“In this case, Mace’s civic attitude was an organic continuation of his human essence. It is perhaps about the best of the possible combinations. This is what Ukraine lacked so much and what so many aspired for, each in their own way. So we can assert that the past year’s events in Ukraine are sort of a search for justice and humanness for which Mace aspired individually. He became one of particular stimulants of active citizenship in the country where he lived and which he loved through his personal pain. So, the James Mace Prize from the newspaper Den is not only the reminder of him personally, but also simulation of a certain behavioral style of a free person and citizen.”
Ihor LOSIEV, political journalist, James Mace Prize winner:
“James Mace and the prize named after him will always be topical for Ukraine – above all, in the field of political journalism, for this prize is very important for the preservation of moral and ethic standards in our profession. There have been many attempts lately under the flag of unbiased and impartial journalism to recognize morality in this sphere. Mace gave the example of combining impeccable academism with a biased and moral attitude to problems. He showed that you can remain an academic who meets all the requirements of scientific proof search and, at the same time, be personally concerned about the truth, as befits a moral person. This is what we ought to learn from him today and later. We are living in a world, where its fate depends on the attitude of millions of people to events. Any impartiality enables evil forces to triumph on Earth.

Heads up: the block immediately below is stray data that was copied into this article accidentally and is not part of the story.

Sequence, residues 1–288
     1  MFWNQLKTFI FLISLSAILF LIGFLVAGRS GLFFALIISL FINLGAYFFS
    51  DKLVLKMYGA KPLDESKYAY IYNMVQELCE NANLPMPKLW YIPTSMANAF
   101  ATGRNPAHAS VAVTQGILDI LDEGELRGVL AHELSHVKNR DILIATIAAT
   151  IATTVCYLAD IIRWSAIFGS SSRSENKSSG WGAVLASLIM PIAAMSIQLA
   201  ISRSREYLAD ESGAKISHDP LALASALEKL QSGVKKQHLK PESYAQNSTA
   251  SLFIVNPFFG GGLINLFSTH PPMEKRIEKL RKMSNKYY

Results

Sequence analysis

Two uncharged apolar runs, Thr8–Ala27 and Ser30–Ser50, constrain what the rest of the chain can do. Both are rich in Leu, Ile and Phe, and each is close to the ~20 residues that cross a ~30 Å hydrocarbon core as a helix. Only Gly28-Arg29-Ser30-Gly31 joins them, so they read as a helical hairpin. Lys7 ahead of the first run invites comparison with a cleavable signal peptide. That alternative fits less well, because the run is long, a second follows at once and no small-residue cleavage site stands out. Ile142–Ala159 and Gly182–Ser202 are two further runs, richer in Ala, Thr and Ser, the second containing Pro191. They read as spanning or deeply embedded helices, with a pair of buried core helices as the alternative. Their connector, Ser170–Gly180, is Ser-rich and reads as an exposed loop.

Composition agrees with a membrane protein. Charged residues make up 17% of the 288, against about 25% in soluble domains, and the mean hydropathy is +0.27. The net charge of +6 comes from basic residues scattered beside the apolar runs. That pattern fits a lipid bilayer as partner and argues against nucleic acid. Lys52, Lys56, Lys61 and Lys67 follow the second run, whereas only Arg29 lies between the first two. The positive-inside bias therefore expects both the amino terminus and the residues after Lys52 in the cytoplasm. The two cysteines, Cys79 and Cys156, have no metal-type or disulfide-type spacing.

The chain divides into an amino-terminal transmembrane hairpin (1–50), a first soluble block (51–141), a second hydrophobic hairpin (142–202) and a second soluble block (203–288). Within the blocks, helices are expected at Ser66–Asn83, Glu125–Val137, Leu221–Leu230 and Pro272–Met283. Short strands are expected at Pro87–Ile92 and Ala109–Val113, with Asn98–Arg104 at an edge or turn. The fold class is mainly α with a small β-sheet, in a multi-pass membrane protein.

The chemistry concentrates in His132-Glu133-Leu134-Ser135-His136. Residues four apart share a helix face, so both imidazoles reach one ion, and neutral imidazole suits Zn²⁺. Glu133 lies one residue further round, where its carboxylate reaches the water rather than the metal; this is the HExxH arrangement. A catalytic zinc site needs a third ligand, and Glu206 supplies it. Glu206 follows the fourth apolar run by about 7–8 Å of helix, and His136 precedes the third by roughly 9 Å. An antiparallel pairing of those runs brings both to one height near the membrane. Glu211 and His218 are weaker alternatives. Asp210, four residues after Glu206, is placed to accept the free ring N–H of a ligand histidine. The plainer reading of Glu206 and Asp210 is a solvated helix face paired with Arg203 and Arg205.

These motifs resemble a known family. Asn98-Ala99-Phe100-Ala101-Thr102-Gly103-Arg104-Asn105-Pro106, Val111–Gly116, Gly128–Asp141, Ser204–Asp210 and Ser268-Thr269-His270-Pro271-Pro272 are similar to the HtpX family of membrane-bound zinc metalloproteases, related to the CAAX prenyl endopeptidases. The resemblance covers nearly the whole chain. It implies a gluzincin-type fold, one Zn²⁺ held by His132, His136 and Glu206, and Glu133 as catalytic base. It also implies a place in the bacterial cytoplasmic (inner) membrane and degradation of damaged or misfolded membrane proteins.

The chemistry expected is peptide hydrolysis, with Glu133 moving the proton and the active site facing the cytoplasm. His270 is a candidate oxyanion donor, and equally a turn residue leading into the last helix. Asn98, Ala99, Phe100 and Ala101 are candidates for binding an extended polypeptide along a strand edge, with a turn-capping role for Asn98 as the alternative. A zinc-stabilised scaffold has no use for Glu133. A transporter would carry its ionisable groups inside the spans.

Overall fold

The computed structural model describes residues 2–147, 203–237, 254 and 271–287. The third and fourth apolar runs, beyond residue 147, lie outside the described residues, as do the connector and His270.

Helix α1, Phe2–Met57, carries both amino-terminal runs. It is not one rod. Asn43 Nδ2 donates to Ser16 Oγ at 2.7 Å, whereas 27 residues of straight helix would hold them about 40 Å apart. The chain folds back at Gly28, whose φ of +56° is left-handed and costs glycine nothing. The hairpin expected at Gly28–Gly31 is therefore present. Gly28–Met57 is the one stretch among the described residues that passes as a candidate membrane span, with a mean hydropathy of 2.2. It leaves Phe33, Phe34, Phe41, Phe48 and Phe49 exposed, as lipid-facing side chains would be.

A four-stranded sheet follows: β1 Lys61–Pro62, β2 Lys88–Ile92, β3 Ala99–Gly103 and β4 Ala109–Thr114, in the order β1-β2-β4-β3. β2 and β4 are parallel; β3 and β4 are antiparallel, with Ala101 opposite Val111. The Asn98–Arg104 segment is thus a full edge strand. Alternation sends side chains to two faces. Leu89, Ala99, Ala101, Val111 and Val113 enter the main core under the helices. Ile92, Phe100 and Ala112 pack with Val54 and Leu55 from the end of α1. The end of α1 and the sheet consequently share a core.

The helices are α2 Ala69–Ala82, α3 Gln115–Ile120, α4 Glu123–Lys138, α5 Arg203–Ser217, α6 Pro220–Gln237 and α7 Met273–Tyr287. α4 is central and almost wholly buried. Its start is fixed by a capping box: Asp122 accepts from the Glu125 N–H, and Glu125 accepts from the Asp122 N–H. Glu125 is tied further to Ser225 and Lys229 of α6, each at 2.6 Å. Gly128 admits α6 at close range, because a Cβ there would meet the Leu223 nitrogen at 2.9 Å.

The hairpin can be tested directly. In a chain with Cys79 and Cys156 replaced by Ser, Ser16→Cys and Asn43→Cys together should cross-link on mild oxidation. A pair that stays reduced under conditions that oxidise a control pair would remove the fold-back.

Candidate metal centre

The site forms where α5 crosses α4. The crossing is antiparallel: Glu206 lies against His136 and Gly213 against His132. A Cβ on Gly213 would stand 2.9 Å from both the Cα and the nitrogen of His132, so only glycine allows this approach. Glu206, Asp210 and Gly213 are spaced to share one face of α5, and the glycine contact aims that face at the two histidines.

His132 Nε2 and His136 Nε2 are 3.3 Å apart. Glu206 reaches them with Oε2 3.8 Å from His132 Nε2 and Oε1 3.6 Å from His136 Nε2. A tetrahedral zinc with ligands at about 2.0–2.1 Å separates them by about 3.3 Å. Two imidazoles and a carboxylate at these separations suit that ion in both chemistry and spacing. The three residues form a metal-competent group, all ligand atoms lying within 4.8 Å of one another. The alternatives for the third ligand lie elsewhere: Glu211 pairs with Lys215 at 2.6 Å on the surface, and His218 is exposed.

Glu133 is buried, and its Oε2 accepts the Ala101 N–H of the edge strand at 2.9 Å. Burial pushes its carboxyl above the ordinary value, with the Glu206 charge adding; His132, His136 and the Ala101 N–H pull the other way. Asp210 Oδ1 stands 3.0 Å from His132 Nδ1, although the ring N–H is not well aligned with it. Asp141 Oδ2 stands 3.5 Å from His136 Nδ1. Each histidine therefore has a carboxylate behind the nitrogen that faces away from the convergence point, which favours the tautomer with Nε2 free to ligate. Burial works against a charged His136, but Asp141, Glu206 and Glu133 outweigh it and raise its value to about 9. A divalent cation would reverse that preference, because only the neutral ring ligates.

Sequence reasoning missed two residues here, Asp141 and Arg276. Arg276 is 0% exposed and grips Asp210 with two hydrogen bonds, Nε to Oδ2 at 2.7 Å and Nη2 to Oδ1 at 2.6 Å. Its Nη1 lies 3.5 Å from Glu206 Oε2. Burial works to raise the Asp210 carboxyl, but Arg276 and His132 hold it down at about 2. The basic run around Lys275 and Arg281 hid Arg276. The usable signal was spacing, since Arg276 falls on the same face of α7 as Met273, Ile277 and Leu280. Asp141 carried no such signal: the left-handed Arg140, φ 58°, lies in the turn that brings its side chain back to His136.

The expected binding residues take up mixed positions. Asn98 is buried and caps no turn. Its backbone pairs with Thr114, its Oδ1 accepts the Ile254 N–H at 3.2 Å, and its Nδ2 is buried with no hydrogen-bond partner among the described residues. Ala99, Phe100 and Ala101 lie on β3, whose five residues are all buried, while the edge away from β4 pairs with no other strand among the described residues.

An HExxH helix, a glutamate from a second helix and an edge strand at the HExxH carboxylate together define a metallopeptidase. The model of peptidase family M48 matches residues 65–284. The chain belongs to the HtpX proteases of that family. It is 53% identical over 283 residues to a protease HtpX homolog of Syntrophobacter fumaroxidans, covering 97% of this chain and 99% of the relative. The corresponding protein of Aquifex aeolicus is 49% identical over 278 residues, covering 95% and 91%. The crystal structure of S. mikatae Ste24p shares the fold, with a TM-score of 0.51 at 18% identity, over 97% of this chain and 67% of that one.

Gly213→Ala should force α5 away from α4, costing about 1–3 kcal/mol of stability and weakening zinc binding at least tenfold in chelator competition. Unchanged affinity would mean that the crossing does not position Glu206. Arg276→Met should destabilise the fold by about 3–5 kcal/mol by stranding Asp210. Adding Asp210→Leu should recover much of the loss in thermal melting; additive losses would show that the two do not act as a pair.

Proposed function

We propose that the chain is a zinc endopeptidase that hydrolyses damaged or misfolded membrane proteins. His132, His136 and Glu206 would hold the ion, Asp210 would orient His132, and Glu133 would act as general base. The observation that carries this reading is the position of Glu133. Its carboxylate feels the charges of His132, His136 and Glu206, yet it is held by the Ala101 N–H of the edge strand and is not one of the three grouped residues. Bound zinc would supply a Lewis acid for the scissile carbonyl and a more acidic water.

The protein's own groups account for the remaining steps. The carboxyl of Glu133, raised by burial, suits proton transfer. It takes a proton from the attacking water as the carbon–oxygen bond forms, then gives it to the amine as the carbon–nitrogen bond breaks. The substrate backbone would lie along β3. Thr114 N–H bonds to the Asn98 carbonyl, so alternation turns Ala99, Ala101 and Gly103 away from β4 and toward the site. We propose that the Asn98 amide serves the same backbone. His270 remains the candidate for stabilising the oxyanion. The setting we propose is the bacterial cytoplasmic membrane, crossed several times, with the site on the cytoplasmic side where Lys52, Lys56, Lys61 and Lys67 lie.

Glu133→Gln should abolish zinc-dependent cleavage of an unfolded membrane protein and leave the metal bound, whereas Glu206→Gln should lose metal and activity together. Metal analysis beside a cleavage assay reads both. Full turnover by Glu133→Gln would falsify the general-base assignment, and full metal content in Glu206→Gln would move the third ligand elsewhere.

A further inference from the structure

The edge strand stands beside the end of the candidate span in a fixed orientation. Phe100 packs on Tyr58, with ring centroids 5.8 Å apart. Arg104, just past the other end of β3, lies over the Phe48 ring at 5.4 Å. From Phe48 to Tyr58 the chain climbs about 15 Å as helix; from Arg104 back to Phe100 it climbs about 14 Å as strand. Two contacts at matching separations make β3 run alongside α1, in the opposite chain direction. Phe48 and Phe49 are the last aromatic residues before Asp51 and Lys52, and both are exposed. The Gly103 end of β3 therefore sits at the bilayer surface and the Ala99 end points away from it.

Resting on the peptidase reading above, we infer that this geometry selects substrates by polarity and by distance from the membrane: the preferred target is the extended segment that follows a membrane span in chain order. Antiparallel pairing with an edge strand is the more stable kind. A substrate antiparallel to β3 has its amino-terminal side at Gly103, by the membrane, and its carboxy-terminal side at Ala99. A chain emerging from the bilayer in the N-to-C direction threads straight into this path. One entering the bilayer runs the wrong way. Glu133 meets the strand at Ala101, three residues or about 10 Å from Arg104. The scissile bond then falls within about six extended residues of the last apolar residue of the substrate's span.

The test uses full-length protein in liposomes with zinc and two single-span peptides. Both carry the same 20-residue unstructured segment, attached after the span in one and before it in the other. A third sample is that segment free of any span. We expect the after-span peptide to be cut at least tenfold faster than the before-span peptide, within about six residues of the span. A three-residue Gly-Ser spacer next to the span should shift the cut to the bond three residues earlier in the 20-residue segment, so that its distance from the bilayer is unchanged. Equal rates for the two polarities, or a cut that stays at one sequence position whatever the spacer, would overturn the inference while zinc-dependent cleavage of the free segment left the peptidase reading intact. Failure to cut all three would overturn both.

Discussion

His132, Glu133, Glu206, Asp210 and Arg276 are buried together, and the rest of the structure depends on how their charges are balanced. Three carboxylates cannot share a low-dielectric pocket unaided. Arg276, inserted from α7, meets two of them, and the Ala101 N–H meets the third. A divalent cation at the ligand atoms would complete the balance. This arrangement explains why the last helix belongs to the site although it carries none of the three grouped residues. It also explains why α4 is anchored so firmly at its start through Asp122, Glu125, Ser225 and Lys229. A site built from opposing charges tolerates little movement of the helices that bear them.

“A political journalist without a civic stand is not a professional but a performer of the informational function.
“I must note that the award commission has made not a single mistake. All the winners proved to be not only worthy, but also industrious people who are still working actively and, what is more, with high quality, in our media space. They display interest in and concern about what is going on and adequately appraise these processes, also on the pages of Den.”
Serhii HRABOVSKY, political journalist, James Mace Prize winner: